Kite technology increases Defence Forces surveillance power

Radar, telescopes and wifi elevated into the sky by kites will be great boon to Army capability

Members of the Irish Army Ranger Wing in Goz Beida in Chad: meagre manpower and difficult terrain will benefit from  the ability to see via drones and telescopes attached to kites. Photograph: Aidan Crawley

Members of the Irish Army Ranger Wing in Goz Beida in Chad: meagre manpower and difficult terrain will benefit from the ability to see via drones and telescopes attached to kites. Photograph: Aidan Crawley

 

While little-heralded, the significance of the battle the Naval Service is engaged in with international narcotics gangs cannot be overstated.

In recent years, a number of cocaine shipments, each valued at hundreds of millions of euro, have been seized in the waters around Ireland, with the Naval Service centrally involved.

Last September, for example, when the Makayabella yacht was intercepted about 250km off Mizen Head by the armed crew of the LE Niamh, 41 bales off cocaine valued at €350 million were found.

And, in the last eight years, cocaine with a combined value in excess of €1 billion has been seized in just four such operations off Cork.

The largest was found on the shoreline as it was being taken from a yacht at Dunlough Bay, Co Cork, which had sailed across the Atlantic.

The crew’s plan to land the €440 million shipment on the island and take it to the UK hidden in vehicles came unstuck only when a small landing craft cut out and capsized after the wrong fuel was put into the engine.

The drugs and smugglers were tipped into the water, with locals raising the alarm after spotting the bales of narcotics in the sea.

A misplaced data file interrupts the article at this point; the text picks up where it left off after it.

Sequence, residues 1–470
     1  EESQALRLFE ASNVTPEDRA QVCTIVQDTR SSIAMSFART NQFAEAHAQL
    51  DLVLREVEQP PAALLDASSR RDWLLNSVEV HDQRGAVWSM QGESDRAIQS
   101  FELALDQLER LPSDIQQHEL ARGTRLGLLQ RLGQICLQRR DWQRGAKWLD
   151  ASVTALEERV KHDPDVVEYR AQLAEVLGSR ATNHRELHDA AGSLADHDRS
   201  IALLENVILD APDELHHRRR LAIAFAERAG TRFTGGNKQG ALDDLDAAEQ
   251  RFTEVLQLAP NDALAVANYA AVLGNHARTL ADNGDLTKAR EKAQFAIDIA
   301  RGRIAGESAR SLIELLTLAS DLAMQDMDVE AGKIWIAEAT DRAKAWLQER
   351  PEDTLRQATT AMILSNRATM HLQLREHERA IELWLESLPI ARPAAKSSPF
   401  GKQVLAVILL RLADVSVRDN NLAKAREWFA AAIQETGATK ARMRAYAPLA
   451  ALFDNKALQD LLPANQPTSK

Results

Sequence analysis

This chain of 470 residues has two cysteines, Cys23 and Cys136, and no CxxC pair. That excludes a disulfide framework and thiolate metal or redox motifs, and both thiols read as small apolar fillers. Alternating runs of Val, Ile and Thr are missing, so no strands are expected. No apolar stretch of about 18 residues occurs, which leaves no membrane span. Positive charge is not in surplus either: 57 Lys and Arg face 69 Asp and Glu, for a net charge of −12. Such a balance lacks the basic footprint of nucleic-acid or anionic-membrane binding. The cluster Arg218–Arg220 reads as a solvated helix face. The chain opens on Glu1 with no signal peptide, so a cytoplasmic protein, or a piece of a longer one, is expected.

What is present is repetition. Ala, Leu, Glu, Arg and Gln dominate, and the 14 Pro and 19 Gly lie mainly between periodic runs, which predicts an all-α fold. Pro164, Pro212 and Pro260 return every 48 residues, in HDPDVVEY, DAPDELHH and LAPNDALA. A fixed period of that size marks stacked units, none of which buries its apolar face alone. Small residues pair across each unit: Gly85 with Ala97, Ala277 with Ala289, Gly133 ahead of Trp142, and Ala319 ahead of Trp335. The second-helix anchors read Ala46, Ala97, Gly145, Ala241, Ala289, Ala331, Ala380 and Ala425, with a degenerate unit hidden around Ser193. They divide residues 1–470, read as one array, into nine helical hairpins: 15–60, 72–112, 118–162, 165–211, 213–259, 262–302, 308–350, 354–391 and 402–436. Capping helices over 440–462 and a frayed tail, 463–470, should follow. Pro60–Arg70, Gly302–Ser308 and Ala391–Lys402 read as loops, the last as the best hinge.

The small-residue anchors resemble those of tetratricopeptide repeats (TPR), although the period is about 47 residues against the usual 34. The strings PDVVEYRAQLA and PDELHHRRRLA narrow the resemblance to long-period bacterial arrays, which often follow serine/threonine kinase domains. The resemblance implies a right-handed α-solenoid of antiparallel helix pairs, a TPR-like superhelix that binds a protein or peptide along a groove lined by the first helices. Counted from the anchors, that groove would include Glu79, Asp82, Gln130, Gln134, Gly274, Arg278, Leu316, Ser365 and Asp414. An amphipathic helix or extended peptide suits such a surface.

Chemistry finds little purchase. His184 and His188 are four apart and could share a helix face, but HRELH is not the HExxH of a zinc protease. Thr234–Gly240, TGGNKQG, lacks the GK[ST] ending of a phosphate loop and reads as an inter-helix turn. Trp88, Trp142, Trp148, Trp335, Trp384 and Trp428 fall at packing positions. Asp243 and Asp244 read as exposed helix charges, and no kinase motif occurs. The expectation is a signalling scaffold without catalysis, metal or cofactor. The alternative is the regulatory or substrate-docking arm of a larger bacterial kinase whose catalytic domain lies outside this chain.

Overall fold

But the larger Lucky Day vessel, from which the landing craft had been launched, had travelled from Barbados with its cargo, unseen by the Irish or international authorities. Its transponder was switched off and it did not show up on radar.

Because the Naval Service has only a handful of vessels capable of long-range patrols, it has to use guesswork unless acting on intelligence.

The kite-base technology being developed will change that, however.

Surveillance technology

It means vessels such as the Lucky Day – some of which transport guns with drugs – will not go be able to stay out of reach as easily.

Only when suspicions about a vessel are confirmed – by sending an unmanned drone for closer surveillance – will the need arise for a Naval Service vessel to set out for it.

The kite-based innovation could also be used for ground-based operations.

In recent years, the Army was deployed to Chad on United Nations peace-enforcement duties. The African nation is twice the size of France but has just 400km of paved roads. A party of 400 Irish troops was charged with patrolling an area the size of Munster where an estimated 800 armed rebels were active. There was also the threat of other armed militia pouring in from nearby Sudan and Darfur at any time.

The Irish were responsible for protecting their own camp as well as hundreds of UN civilian staff working from bases in the area and a refugee camp full of people who had fled when fighting flared near their homes.

With such a range of tasks, meagre manpower and difficult terrain that became impassable in the wet season, the ability to see via drones and telescopes is obvious.

The ability to monitor events discreetly would have very clear implications for the good for the Defence Forces being deployed on increasingly robust missions to ever more complex regions while resources get tighter.